Baltimore Mayor Catherine E. Pugh announced this month a $17 million public-private partnership with Roca, anchor business institutions and philanthropic organizations to help Baltimore’s highest risk young people disrupt cycles of poverty and incarceration.
Roca is a Massachusetts-based group that has earned national recognition for providing some of the most innovative and effective interventions for young adults most at risk for committing or becoming a victim of violence.
The program currently operates in four sites in Massachusetts (Boston, Chelsea, Lynn, Springfield) and will replicate its model in Baltimore City.
“This is a very special announcement for me because we believe the approach to violence reduction is holistic, and we want to be inclusive in our approach to reducing the violence that exists in our city,” said Mayor Pugh. “Roca is not just a program that focuses in on individuals between the ages of 17-24, it is an intense focus that helps young people move beyond violence and into the types of job training, and personal development that leads them to become more productive members of our community.”
The significant new partnership will join other efforts to proactively engage high-risk youth in the City of Baltimore, and to reduce recidivism for those who have already encountered the criminal justice system. It will be funded by a combination of private and public dollars raised by Roca and the City of Baltimore, with a request for State funding still pending.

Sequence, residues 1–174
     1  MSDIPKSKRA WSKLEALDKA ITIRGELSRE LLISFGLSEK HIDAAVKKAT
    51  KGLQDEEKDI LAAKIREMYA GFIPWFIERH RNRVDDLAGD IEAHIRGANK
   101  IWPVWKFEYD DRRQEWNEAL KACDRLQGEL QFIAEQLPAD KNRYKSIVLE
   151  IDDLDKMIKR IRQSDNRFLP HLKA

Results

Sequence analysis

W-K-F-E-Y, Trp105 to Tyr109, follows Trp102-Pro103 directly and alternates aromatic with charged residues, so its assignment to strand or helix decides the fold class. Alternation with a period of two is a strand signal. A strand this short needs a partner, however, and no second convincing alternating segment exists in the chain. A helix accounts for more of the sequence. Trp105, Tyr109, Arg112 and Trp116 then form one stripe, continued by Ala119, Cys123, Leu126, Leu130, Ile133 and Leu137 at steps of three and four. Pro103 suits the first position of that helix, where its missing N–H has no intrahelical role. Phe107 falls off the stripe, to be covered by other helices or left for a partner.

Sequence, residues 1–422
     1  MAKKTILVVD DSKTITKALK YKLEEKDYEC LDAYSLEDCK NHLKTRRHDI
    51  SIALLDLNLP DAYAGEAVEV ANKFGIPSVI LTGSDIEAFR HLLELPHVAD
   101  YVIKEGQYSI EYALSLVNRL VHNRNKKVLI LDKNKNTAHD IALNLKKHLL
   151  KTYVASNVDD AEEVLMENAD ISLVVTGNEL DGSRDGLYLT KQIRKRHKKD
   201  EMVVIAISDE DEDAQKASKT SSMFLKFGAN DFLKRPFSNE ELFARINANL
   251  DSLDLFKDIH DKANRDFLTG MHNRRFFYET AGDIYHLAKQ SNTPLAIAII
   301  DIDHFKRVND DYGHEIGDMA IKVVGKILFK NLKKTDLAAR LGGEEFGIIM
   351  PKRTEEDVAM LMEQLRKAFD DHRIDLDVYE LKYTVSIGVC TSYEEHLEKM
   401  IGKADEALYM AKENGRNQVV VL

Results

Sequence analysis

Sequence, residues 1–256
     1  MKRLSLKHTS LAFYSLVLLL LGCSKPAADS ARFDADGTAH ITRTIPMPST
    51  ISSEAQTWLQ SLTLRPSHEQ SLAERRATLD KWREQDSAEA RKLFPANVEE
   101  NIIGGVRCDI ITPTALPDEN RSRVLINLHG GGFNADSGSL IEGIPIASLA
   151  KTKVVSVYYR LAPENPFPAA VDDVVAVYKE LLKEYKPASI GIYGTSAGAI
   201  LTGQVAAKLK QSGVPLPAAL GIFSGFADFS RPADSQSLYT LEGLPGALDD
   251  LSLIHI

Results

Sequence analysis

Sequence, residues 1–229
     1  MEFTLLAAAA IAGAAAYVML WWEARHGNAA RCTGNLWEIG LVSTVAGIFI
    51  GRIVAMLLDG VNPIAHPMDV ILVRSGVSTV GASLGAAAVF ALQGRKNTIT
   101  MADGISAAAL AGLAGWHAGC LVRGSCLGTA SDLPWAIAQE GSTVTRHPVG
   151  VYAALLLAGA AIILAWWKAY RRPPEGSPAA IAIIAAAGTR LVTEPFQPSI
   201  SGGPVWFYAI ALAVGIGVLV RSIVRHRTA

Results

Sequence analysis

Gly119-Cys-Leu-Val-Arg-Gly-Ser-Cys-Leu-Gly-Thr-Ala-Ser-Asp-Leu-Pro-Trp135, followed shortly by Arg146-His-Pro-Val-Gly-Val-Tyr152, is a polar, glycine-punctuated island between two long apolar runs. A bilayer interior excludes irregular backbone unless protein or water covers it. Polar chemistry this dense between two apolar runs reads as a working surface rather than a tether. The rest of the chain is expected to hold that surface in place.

“We are humbled by the incredible efforts in the city to bring about change,” said Roca founder and CEO, Molly Baldwin. “At Roca, we are painfully aware that we can neither arrest nor program our way out of the violence devastating this city and that we need a different approach. We are so grateful for the invitation to help and we know we have a lot to learn as we initiate our work in Baltimore.”
Currently, Roca serves over 1,000 high-risk young people in 21 communities in Massachusetts and has been preparing to work in Baltimore for the past five years. Roca plans to serve 75 young people in Baltimore during its first year and gradually increase its services to 300 young people annually over the next three years.
Roca will begin operations in Baltimore during Summer 2018. An intensive planning process already is underway.
The Metro Housing Boston organization reported this month that their transition assistance program for families in crisis helped 70 families in Chelsea with a total expenditure of $190,623 locally.